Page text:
- Whole grains, and
- Nuts, seeds, or oils.
- Eating foods containing omega 3s, like salmon, may also protect against alcohol-related health problems, although this requires more research.
Eating these foods together provides slow-release energy that can give you energy for longer while providing key vitamins and minerals. A helpful way to ensure intake of protein, carbs, and fats is to eat regular full meals. This can keep the body’s metabolism going, which can help it to process alcohol.
Foods to Avoid During Alcohol Detox
Detoxing from alcohol can impact some of the chemicals in the brain that regulate mood, like serotonin or dopamine. This can temporarily impact mood and energy levels. While unhealthy foods like fast food or sugar can improve mood or energy briefly, they may eventually make symptoms of detoxing worse.
Fast food, sugary beverages, or candy can all be comfort foods that can serve as a temporary fix for mood and physical symptoms of alcohol detox. However, these foods can increase dehydration, cause a ‘sugar crash’, or upset your stomach and ultimately worsen alcohol detox symptoms. Although it’s tempting to reach for foods that are comforting, avoiding these foods can make detoxing from alcohol more comfortable.
Food is an easy and natural way to support the body’s process of clearing alcohol from the system. This can be used as an add-on therapy to support alcohol detox or withdrawal. However, for those abusing alcohol or suffering from alcohol addiction, seeking professional treatment is the safest way to detox from alcohol.
If you or someone you love is suffering from alcohol addiction, contact The Recovery Village Ridgefield today to discuss treatment options.
Cederbaum, Arthur I. “Alcohol metabolism.” Clinics in Liver Disease, November 2012. Accessed August 29, 2019.
Chopra, Kanwaljit and Tiwar, Vinod. “Alcoholic neuropathy: possible mechanisms and future treatment possibilities.” British Journal of Clinical Pharmacology, October 2011. Accessed August 29, 2019.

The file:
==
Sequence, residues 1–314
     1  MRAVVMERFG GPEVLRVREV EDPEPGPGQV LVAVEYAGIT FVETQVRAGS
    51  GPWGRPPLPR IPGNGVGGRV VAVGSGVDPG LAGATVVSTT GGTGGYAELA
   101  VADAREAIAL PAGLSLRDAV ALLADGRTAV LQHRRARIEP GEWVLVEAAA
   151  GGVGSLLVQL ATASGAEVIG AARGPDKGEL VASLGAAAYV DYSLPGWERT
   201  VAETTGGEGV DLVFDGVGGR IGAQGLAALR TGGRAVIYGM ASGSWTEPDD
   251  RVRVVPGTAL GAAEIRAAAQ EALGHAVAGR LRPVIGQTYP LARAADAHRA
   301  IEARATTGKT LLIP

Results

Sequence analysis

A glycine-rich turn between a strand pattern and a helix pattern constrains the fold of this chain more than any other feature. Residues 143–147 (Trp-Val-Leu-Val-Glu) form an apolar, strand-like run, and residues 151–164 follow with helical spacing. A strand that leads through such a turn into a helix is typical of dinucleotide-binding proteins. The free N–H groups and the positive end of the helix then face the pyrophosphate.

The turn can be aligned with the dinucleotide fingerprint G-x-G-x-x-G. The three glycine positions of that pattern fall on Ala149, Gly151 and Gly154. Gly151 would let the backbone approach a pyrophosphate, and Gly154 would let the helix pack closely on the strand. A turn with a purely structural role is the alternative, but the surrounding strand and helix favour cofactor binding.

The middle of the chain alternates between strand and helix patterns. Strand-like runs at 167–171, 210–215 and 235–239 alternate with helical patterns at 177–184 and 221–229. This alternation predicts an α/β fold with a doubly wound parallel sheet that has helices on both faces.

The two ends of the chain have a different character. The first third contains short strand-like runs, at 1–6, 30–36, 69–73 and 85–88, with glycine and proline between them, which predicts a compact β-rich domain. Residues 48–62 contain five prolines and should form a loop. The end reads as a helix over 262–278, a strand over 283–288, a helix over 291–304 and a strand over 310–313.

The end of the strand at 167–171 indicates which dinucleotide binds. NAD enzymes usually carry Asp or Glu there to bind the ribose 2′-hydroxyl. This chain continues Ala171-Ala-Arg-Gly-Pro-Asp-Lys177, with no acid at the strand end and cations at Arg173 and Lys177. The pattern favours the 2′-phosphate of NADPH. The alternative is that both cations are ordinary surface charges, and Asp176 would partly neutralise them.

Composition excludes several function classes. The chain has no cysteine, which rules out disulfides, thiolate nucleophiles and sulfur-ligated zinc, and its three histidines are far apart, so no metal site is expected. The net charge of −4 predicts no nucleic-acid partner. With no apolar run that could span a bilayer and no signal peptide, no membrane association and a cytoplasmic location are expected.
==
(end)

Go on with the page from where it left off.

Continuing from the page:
Hobson, Ruth M. and Maughan, Ronald J. “Hydration Status and the Diuretic Action of a Small Dose of Alcohol.” Alcohol and Alcoholism, July-August 2010. Accessed August 29, 2019.
Sharp, Rick L. “Role of Whole Foods in Promoting Hydration after Exercise in Humans.” Journal of the American College of Nutrition, 2007. Accessed August 29, 2019.
Masterton, G.S., Plevris, J.N., Hayes, P.C. “Review article: omega-3 fatty acids – a promising novel therapy for non-alcoholic fatty liver disease.” Alimentary Pharmacology & Therapeutics, 2010. Accessed August 29, 2019.
Medical Disclaimer: The Recovery Village aims to improve the quality of life for people struggling with a substance use or mental health disorder with fact-based content about the nature of behavioral health conditions, treatment options and their related outcomes. We publish material that is researched, cited, edited and reviewed by licensed medical professionals. The information we provide is not intended to be a substitute for professional medical advice, diagnosis or treatment. It should not be used in place of the advice of your physician or other qualified healthcare provider.